Many insurance policies require the insured to obtain the insurer’s consent before settling a claim or making any payments for a claim. That’s just basic insurance stuff. So, too, is the concept that, if you have a claim asserted against you, it’s really important that you read (and re-read) your policy. The builder in this case, however, skipped that last part, and that’s when it really hit the fan.
In West Bend Mutual Insurance Co. v. Arbor Homes LLC, the buyers of a newly-built home became ill shortly after moving in. It turns out that during the construction of the home, a second-tier sub failed to connect the home’s plumbing to the main sewer line. So, raw sewage was being discharged into the home’s crawl space, turning the home into a giant sewer pit.
Faced with a really stinky situation, the homebuilder quickly fixed the problem, and eventually agreed to purchase the home back from the buyers (who, for some reason, didn’t want to live in a former septic tank) and build them a new home. The builder–an additional insured under the first-tier sub’s policy–told its first-tier sub to put its carrier, West Bend, on notice, but West Bend did not receive notice until after a settlement agreement had been reached.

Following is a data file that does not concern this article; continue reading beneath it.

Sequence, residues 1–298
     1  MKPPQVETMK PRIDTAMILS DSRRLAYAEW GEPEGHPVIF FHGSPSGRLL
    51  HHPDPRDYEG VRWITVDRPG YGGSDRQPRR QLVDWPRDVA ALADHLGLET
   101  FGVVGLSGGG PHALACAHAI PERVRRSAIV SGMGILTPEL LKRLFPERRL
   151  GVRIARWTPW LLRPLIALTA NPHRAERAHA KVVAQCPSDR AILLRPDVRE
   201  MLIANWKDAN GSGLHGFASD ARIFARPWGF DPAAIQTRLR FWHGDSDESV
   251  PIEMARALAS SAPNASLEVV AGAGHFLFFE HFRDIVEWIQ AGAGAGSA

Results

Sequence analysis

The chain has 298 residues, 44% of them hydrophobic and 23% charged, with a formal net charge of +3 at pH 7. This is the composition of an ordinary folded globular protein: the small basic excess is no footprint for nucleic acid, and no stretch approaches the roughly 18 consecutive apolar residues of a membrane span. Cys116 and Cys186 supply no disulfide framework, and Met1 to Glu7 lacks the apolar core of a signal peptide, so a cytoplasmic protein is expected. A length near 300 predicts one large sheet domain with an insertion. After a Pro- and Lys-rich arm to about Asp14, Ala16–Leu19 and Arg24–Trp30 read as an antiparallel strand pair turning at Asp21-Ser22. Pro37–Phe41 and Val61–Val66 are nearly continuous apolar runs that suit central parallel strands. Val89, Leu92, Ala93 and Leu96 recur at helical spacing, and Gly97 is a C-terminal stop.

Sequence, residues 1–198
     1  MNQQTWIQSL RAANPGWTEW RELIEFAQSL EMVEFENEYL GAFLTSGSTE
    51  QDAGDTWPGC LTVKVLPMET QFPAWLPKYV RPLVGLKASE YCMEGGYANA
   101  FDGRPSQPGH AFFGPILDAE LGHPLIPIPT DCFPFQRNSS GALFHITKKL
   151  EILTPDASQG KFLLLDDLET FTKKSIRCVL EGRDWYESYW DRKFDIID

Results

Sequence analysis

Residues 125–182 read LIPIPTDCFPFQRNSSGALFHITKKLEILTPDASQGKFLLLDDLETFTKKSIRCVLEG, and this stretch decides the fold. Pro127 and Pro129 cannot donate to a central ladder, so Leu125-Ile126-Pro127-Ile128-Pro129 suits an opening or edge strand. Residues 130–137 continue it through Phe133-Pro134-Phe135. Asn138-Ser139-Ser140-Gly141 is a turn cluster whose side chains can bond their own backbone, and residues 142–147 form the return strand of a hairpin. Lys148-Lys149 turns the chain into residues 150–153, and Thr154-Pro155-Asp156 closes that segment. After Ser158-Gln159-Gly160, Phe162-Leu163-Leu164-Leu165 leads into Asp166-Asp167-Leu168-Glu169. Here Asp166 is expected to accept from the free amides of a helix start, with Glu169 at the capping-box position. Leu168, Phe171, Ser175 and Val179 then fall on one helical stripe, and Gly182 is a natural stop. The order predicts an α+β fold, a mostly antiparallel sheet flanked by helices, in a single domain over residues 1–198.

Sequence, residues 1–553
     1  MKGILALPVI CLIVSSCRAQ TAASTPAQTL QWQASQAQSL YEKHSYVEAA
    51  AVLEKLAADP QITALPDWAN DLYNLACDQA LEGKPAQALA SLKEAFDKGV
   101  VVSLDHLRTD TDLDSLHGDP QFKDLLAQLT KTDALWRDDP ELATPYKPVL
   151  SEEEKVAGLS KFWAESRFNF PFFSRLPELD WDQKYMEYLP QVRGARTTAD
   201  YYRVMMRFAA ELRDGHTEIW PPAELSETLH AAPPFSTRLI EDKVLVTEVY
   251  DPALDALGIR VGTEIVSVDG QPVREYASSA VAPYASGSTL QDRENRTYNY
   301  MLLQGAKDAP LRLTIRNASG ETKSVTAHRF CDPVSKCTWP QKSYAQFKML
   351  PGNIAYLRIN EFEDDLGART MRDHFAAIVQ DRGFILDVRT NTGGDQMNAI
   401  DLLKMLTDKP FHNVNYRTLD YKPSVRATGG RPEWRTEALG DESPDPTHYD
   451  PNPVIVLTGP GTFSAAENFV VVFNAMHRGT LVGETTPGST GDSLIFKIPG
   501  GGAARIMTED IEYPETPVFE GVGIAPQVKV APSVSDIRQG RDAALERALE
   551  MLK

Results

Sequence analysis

The builder eventually sued, and the District Court granted summary judgment in favor of West Bend, finding the insurer was relieved of any duty under the fungi and bacteria exclusion as well as the voluntary payments provision.
On appeal, the Seventh Circuit found in favor of West Bend, stating:
Although Arbor behaved admirably in expeditiously resolving the matter for the homeowners, it failed to protect its own interests when it relied on [the first-tier sub] to notify West Bend about the incident, and failed to obtain West Bend’s consent for any settlement. Having no opportunity to participate in the investigation or settlement, West Bend is entitled to enforcement of the plain language of the contract: Arbor’s settlements with [the first-tier sub] and with the [buyers] without the consent of West Bend is at Arbor’s own expense.